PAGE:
“As a solid mass of rock is not stirred by the wind,
So a sage is not moved by praise and blame. As a deep lake is clear and undisturbed, So a sage becomes clear upon hearing the Dharma. Virtuous people always let go. They don’t prattle about pleasures and desires.
Touched by happiness and then by suffering, the sage shows no sign of being elated or depressed.”-The Buddha (Dhammapada)
What The Buddha says is beautiful. It conjures this image of the unmovable sage, convicted and unworried by the world. But I fear The Buddha is missing something.
That rock may not “stir,” but it does change as the wind and rain wear it down. The deep lake may appear to be clear and undisturbed, but beneath the surface it is teeming with activity and even conflict. And virtuous people may let things go, choosing instead to embrace the calm of equanimity, but their minds will still change and morph over time merely because they are wholly human.
The principle of equanimity is all about balance, resilience, and equilibrium. But it doesn’t mean that we must accept a life of passivity, in which we exist without emotion, without vibrancy, without humanness!
Think about the last time you held a baby in your arms, and they started crying. Maybe this is a little close to home for some of you who are new moms! Hopefully, you remained calm and composed, choosing to be unmoved by the wailing. But does this mean that you were not taken by some emotion, that you were relegated to checking your humanity and maternity at the door? Of course not.
But why am I bringing up what may seem to be a purely semantic debate?
Well, besides the fact that words are fun, I feel it is so easy to be prodded and pushed to become, to expect, and to react at this time of year that it can challenge our ability to embrace equanimity, and, as a result, we may seek refuge in passivity.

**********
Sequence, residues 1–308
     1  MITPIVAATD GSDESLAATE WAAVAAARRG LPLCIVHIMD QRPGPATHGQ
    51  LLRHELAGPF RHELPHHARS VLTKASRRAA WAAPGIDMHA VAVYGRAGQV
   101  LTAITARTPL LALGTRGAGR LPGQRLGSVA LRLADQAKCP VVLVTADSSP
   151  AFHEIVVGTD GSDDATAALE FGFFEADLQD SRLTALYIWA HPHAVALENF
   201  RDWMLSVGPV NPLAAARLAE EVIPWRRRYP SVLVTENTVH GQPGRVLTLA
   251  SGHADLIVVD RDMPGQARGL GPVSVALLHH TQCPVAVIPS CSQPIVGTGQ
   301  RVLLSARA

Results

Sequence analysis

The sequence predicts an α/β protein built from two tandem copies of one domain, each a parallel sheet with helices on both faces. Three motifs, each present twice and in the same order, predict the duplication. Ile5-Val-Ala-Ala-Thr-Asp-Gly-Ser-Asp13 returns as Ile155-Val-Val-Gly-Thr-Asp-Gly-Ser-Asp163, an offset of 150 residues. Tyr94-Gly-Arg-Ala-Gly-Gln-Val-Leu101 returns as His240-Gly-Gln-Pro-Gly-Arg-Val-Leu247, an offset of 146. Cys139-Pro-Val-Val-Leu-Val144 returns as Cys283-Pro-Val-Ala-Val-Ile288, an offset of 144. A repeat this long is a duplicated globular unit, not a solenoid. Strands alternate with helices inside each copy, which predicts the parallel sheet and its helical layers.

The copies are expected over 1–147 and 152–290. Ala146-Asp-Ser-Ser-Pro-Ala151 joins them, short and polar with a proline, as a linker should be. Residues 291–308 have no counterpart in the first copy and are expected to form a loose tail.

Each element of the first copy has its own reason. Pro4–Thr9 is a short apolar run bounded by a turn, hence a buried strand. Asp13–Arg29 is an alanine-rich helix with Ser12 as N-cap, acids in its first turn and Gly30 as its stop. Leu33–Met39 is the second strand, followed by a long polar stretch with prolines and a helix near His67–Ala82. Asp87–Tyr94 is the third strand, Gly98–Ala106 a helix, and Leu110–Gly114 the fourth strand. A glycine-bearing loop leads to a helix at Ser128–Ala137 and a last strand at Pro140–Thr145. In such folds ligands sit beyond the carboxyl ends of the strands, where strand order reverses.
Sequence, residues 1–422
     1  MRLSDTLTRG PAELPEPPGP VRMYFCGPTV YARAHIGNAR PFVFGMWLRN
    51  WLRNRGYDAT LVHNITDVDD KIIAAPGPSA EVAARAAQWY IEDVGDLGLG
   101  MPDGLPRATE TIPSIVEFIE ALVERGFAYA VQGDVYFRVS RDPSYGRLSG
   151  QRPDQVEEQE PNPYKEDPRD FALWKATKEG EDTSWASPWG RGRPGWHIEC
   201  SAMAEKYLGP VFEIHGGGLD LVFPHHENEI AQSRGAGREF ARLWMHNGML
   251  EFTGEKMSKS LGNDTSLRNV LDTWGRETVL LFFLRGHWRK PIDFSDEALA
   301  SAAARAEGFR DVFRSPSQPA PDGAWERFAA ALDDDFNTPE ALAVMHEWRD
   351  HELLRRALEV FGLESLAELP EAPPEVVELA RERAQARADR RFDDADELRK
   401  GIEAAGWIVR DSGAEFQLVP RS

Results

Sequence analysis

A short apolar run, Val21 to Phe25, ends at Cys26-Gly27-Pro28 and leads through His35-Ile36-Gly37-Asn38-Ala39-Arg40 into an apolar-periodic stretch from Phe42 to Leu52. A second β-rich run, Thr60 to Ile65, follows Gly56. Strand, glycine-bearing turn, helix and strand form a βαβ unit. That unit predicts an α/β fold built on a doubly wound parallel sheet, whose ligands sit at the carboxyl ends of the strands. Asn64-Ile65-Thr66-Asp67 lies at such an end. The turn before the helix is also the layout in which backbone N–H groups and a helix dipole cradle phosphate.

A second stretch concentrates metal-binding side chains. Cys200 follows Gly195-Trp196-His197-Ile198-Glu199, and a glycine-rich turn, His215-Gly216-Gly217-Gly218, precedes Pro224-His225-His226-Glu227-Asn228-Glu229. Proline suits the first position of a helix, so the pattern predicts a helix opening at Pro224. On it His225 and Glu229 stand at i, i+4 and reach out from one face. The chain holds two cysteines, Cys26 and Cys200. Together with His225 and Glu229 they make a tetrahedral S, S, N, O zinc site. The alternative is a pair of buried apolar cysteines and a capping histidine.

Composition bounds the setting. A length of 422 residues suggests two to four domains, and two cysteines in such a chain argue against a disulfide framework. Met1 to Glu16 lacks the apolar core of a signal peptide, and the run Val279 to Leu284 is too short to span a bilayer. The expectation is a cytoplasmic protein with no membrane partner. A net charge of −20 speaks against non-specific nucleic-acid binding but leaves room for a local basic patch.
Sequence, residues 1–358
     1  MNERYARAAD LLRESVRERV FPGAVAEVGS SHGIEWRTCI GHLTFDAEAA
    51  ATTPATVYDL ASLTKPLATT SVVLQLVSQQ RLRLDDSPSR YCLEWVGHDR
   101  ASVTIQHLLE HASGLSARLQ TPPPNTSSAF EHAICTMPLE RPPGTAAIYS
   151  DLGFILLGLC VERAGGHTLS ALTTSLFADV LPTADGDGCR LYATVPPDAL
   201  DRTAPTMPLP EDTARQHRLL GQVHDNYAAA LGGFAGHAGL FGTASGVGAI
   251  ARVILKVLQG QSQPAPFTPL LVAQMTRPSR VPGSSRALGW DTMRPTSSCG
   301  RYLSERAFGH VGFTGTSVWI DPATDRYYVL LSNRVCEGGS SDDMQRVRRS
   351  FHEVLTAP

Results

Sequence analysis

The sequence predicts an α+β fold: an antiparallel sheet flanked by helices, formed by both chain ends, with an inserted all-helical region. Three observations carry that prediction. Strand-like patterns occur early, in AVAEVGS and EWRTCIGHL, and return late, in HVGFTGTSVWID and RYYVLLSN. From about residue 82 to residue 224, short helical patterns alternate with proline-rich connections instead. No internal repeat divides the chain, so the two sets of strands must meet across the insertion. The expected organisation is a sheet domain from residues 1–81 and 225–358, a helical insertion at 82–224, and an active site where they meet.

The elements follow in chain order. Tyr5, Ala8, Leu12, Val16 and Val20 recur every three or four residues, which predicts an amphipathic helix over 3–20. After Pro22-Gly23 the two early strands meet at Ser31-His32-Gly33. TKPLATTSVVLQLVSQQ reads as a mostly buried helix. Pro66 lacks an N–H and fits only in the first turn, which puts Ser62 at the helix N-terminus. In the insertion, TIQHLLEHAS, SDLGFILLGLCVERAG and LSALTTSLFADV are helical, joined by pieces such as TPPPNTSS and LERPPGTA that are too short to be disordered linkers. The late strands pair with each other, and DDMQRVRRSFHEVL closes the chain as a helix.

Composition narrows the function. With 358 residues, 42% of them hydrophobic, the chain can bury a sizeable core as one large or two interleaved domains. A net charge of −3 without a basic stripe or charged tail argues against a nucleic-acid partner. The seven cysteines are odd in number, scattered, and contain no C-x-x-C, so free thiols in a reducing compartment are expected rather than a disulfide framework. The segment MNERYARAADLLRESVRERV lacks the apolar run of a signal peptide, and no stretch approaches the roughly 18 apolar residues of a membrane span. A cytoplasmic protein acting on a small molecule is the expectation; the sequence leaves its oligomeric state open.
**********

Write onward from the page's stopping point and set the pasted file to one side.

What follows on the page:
Hi, I'm Laura.
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The holidays are rich in beauty, joy, and generosity. But they are also filled with stimulants, poking siblings, children or relatives, and societal expectations that can challenge our ability to find the quiet that allows us to truly and deeply enjoy those riches of the season.
This odd mix of chaos and beauty is why I try to challenge myself as the season begins to reinforce my practice of equanimity, but to do so without resorting to passivity. Of course, that’s far easier said than done, and I could write a whole thing about the neuroscience behind impulse and equanimity, habituations, and how what we consume can be detrimental to the ability to make those choices. (If you are curious, I actually did, in a section of The Focus Factor!)
But what it really comes down to is being gentle with ourselves and cultivating that child-like wonder that so naturally comes with the Holiday season. If we can do that, we can avoid getting caught up in the chaos of all things red, green, blue, and silver, and instead become fully invested in practice of questioning our relationship with our mind, as we allow ourselves to revel in the true beauty of the season.